The first mile was fairly hard packed and I got to the mile marker in ten minutes and five seconds. Again I said “HA!” to myself. “If I can run the first mile in just over ten minutes then I think I can finish the 3.1 miles in under thirty-one minutes,” an optimistic, energetic but realistic goal based on the first third of my race.
The hard packed sand gave way to very dry, loose sand that made movement harder and speed slower. I arrived at mile marker two with my stopwatch reading twenty-one minutes, a nearly ten percent drop in speed for the second mile compared to the first. Determined to do my best (and stay in front of my lovely) I pushed on, only seeing her once when I literally grabbed the cup of water from a volunteer’s hand as Pat reached for it. (It wasn’t on purpose, just luck of the draw.) I didn’t see her but I heard her and I was determined to beat her. We kept running.
The soft sand lasted a bit over a mile before we returned to the harder packed ground. Remember when I said that my exercise has fallen off a lot in the last 15 months? That was no hyperbole, no exaggeration. I run once or maybe twice a week (I also swim a bit and cycle) for about two miles. Three point one miles is about 1.15 miles longer than I usually run and the extra effort plus extra distance was taking its toll on me. Fortunately I had people in front of me and my desire to pass them was great motivation and knowing that Pat was hot on my heals was also driving me forward. I reached mile marker three in just over 31 minutes.
Crunch time! Just one-tenth of a mile to go and I can hear the race announcer calling out people’s names as they cross the 5K finish line. I dig deep, pick up the pace and finish in 31:58, a time I would have laughed at before my fall from fitness but a hard fought achievement none-the-less. I had done what I could in my quest to best my better half, the end result, who would have a quicker pace, me, running just 3.1 miles, or Pat, running five miles. Now, all I could do was wait.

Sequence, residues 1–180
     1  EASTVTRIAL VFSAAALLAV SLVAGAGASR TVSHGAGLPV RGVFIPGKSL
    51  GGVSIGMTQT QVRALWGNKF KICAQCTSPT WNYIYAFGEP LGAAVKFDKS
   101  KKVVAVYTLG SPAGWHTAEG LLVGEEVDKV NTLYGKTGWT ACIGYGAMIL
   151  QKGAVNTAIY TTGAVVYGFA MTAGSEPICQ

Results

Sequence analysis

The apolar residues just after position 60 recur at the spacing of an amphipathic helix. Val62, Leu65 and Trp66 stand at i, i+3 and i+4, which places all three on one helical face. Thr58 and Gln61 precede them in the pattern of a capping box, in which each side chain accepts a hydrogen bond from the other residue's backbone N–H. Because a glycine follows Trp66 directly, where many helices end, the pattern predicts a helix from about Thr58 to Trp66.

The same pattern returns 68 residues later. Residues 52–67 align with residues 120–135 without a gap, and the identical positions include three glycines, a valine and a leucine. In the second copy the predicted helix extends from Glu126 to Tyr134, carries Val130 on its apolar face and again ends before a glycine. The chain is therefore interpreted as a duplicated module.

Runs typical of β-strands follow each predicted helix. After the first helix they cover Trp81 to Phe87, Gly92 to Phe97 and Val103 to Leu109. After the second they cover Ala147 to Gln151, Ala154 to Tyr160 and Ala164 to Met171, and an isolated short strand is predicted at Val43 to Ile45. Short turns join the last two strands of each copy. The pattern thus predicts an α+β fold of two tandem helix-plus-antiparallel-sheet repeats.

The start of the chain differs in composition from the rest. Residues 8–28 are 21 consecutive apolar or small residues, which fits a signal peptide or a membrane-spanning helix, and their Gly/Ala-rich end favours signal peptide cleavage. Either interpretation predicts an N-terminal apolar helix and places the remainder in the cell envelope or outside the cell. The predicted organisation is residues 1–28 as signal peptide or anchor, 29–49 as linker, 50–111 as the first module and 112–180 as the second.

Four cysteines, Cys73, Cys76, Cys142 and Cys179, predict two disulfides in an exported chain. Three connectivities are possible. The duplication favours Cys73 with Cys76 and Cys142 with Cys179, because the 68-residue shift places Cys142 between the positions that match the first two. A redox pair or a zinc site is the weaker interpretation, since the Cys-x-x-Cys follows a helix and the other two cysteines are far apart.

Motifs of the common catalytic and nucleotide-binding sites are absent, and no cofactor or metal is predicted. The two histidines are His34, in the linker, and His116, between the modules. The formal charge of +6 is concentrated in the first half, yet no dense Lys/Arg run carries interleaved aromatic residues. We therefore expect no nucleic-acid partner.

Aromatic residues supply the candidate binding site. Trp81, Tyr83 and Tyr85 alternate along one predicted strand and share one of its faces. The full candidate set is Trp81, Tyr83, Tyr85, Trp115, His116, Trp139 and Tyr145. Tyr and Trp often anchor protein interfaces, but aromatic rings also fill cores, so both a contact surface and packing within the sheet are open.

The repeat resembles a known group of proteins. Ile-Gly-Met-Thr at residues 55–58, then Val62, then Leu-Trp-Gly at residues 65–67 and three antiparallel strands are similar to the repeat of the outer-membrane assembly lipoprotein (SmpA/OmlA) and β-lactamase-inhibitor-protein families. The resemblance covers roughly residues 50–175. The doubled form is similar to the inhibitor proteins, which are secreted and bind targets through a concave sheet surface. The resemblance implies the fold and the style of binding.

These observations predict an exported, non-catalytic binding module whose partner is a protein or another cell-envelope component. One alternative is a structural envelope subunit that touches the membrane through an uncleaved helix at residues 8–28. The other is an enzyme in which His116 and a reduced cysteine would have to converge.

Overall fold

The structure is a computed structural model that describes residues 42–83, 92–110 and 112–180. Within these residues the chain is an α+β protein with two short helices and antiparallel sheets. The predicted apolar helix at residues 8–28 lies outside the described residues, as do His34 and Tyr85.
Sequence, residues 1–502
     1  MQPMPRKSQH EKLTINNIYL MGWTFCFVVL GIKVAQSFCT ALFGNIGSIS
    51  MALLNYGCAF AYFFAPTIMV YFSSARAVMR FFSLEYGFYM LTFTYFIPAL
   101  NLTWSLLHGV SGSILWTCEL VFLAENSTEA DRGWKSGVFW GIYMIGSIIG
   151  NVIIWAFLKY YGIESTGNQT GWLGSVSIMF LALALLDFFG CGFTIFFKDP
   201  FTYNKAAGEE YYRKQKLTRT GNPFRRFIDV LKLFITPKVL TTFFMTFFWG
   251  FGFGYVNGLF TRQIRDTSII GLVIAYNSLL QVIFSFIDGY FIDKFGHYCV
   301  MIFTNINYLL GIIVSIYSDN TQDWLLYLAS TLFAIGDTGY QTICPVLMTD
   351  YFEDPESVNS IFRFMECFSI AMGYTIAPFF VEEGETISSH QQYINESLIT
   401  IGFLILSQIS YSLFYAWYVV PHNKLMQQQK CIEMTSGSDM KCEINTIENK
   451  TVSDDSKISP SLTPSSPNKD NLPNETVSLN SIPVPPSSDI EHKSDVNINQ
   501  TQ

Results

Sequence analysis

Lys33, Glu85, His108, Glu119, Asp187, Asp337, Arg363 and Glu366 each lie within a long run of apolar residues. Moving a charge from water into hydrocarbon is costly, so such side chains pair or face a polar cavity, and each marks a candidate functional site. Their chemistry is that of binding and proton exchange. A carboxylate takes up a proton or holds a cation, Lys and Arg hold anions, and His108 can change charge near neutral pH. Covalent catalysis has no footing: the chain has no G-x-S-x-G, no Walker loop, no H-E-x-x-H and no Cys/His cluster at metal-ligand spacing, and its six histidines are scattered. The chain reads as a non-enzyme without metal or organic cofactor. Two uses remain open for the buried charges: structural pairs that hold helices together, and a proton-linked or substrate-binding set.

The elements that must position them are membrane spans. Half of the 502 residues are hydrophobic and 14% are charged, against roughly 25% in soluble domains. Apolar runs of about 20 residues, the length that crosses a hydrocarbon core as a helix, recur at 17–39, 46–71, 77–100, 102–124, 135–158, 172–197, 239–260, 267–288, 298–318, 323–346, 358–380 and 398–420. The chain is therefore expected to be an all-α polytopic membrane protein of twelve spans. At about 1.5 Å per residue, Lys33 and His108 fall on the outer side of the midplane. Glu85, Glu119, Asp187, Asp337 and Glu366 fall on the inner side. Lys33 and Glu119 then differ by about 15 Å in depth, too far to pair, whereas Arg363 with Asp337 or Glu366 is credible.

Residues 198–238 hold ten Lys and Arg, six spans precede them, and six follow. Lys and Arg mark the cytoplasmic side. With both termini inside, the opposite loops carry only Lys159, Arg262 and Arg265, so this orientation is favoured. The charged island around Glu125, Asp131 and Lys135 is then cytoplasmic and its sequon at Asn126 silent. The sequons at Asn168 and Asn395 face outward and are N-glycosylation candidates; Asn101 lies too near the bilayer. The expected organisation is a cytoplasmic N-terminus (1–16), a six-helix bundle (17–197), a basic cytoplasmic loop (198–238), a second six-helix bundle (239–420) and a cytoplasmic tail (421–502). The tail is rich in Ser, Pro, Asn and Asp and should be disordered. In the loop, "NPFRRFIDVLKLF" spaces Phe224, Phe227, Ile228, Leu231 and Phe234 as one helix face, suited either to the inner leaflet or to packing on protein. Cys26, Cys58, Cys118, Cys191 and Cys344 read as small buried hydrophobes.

And eat second breakfast. The Kiwanis Club included pancakes, sausages, eggs, grits, fruit and coffee at the end of the race. I grabbed some grub and sat in the sun. (The air had warmed and so had I but it was still a chilly 4o degrees out there!) My table mate had finished the five mile course and I asked him if the last two miles were as soft as the ones I had run on. His answer? “Oh, no! It was really nice! Hard packed sand along the water’s edge? Almost like running on pavement.”
‘Almost like running on pavement’? Great. There went my hopes for victory!
I cleaned my plate, walked to the finish line and looked at the race clock. Forty-nine minutes elapsed time. I looked to my left and here comes my beloved chugging away.
Now, I had laid down a challenge. I had told her I was going to beat her pace. If she continued charging to the finish line my dream of victory would be squashed. I looked at Pat and started screaming encouragement. After all, schadenfreude is nothing to nurture a marriage on. I cheered and Pat passed under the Finish Line arch in 50:37, or a pace of 10:07 compared to my 10:19 pace. She beat me fair and square!
My race was fun. I did my best, sad as my best may be, and I rejoice in having a wife, a mate, who pushes me to do my best. I don’t think I’m going to wake up tomorrow and find that I’ve reverted to the old me, that I’m raring to go and excited to face challenges again, but maybe I will continue to live the reality that movement matters, that exercise can be fun and that friendly competition, like Mary Poppins’ spoon full of sugar, helps the medicine go down, because regardless of where we are on the fitness scale it’s important that we all MIMIB!
(That’s move it, move it, baby!)